Home 2020 Copper Surfaces and Covid-19 Coronavirus

Copper Surfaces and Covid-19 Coronavirus



There has been a lot of media about the fact COVID-19 lives for just 4 hrs on copper Vs on steel or plastic.

The Big Q: What does that mean? 

The Big A: Copper is antimicrobial, meaning it can kill bacteria and viruses, sometimes within mins. 

There have been multiple studies showing its effectiveness against germs. 

The biggest studies in the US and UK have shown that surfaces either made of copper or coated in copper resist germ build up.

They have been proven to fight the spread of common infections like norovirus, MRSA, a staph bacteria that has become resistant to antibiotics, virulent strains of E. coli that cause foodborne illness, and coronaviruses—possibly including the novel strain currently causing the COVID-19 pandemic.

If copper were more frequently used in hospitals, where 1 in 31 people get HAIs (healthcare acquired infections) or in high-traffic areas like public transport it could play an invaluable role in public health, says Michael Schmidt, a Professor of microbiology and immunology at the Medical University of South Carolina, who’s most recent studies on copper and health have been widely reported

On copper surfaces, bacteria and viruses die.

When a microbe lands on a copper surface, the copper releases electrically charged particles called ions that blast through the outer membranes and destroy the whole cell, including the DNA or RNA inside. Because their DNA and RNA are destroyed, it also means a bacteria or virus cannot mutate and become resistant to the copper, or pass on genes like for antibiotic resistance to other microbes.

Professor Schmidt said that using copper along with standard hygiene protocols has been shown to reduce bacteria in healthcare settings by 90%.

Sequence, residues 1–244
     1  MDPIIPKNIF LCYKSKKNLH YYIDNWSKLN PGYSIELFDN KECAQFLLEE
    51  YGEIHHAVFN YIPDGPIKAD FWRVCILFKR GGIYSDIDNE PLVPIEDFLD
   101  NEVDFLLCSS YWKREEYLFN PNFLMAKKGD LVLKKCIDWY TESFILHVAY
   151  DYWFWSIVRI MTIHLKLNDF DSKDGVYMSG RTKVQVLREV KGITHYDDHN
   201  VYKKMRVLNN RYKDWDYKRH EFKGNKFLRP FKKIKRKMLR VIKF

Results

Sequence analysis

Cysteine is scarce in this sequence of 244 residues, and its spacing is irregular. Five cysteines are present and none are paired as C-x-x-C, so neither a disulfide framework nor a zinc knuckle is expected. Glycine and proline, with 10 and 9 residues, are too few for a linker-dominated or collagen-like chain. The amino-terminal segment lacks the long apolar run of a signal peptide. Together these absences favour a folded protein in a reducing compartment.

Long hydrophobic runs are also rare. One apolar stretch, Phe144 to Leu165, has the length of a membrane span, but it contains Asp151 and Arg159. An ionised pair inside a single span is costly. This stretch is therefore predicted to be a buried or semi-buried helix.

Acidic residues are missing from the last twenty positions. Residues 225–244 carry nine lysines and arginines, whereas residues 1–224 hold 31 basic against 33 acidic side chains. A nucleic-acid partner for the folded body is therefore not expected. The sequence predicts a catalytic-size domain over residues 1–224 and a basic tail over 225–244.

A number of articles have recently asked why copper surfaces are not being used more broadly and especially in healthcare settings. It seems a complicated question that maybe resolves around its upfront cost compared to plastic.

There might also be a perception that copper is too expensive,” Professor Schmidt said. “despite the fact that the numbers indicate it would ultimately save money.

Even when factoring in how much the copper cost initially, you would make that money back in savings within 2 months,” Professor Schmidt said. And considering that the copper never loses its microbial killing abilities—”hospitals would quickly be saving money and lives.”

Copper’s effectiveness in helping to stop the spread of Covid-19 still remains to be seen or studied, but there is already lots of evidence that shows it has a fighting chance.

For more details on antimicrobial copper in the US, click here

Have a healthy day, stay home!

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